Thousands of people stood in unity at the Millions March in Harlem on Malcolm X Boulevard and 110th Street in Harlem, New York, on Saturday, Aug.13, to make the demand, “U.S. / NATO HANDS OFF AFRICA AND HANDS OFF AFRICAN PEOPLE!”

From heroes to villains: NOPD verdict reveals post-Katrina history

August 12, 2011

In an historic verdict with national implications, five New Orleans police officers were convicted on Friday of civil rights violations for killing unarmed African Americans in the aftermath of Hurricane Katrina and could face life in prison when sentenced later this year.

Strike updates: Stop prison torture at Pelican Bay

July 12, 2011

Support for the hunger strike grows with solidarity actions across the U.S. and Canada this past weekend.
A series of noise demonstrations outside jails, detention centers and prisons occurred internationally in St. Louis, New York City, Oakland, Los Angeles, Montreal and Kitchener, Ontario.

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Filed Under: Prison Stories
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Open Letter from an African to American President Barack Obama on the war in Libya

July 8, 2011

It is with a heavy heart that I am writing this letter to appeal to you to take heed of the message that the House of Representatives sent out to Americans on June 24 by rejecting the text authorizing U.S. military intervention in Libya and ending the on-going attacks against the Libyan people with the most extravagant excuses, like the attacks are there to protect them.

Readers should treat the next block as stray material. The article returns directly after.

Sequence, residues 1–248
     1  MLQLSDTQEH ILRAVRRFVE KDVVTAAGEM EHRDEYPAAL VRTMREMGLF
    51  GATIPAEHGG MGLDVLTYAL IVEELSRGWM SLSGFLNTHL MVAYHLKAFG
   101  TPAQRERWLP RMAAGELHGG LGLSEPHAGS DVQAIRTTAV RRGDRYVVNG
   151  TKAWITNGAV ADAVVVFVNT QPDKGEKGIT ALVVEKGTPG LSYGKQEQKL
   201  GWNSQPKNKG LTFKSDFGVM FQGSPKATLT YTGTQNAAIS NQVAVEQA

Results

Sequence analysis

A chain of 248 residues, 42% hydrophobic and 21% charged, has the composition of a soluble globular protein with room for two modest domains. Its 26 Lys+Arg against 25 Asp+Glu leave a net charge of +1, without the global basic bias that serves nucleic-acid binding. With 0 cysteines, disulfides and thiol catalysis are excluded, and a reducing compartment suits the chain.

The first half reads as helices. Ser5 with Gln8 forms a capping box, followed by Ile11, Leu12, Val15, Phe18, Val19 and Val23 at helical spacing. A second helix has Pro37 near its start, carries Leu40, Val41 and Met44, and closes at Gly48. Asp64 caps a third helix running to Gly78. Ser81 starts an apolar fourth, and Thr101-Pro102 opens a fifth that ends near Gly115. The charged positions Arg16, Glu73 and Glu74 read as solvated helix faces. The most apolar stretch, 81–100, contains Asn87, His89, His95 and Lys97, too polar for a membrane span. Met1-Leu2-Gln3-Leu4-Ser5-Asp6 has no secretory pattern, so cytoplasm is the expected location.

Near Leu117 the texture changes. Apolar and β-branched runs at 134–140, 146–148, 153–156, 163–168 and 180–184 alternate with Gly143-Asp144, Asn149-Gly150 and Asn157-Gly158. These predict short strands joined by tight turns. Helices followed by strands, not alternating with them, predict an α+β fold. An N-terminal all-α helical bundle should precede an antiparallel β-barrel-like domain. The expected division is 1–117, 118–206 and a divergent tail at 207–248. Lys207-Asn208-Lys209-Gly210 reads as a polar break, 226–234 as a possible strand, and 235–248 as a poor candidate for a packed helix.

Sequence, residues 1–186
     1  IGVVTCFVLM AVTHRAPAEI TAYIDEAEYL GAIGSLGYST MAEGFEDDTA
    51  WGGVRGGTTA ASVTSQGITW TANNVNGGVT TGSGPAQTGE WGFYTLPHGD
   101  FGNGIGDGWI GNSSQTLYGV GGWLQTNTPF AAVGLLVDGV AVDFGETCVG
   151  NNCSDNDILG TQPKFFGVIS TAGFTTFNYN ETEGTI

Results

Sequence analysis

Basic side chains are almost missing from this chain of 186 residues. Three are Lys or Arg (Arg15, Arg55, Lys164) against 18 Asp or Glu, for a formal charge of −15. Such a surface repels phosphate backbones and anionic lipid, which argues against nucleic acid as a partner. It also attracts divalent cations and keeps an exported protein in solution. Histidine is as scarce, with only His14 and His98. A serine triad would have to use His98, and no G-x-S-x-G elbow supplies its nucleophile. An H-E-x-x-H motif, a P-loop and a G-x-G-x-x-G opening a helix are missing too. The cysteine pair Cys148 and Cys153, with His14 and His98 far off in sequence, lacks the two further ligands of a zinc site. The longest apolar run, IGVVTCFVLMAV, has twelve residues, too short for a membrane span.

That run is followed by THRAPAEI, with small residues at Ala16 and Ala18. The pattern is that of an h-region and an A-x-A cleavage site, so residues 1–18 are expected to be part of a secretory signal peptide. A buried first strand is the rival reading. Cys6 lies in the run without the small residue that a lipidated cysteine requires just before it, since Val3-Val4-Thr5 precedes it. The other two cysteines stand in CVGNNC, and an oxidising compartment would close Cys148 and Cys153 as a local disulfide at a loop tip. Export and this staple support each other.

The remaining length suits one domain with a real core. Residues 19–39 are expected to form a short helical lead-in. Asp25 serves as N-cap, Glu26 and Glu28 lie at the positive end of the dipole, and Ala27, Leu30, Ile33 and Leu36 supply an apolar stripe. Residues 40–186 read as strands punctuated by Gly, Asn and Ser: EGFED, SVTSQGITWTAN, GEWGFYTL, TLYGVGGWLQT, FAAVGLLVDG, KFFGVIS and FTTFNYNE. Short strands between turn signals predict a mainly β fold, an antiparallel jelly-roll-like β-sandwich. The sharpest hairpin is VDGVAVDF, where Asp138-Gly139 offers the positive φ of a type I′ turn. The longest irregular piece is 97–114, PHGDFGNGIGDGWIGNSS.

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Filed Under: Africa and the World
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Rwanda is no excuse for the U.S. to intervene in Sudan

July 2, 2011

Advocates of intervention in Southern Sudan argue that the U.S. can’t be bystanders to what could become another Rwanda and must become instead “upstanders” preventing genocide. Was the U.S. a bystander to the Rwanda Genocide? Professors Peter Erlinder and Edward Herman both say no.

New Orleans police violence trial begins

June 29, 2011

Opening arguments begin today in what observers have called the most important trial New Orleans has seen in a generation. It is a shocking case of police brutality that has already redefined this city’s relationship to its police department and radically rewritten the official narrative of what happened in the chaotic days after Hurricane Katrina.

Haiti: The emperor has no votes

June 6, 2011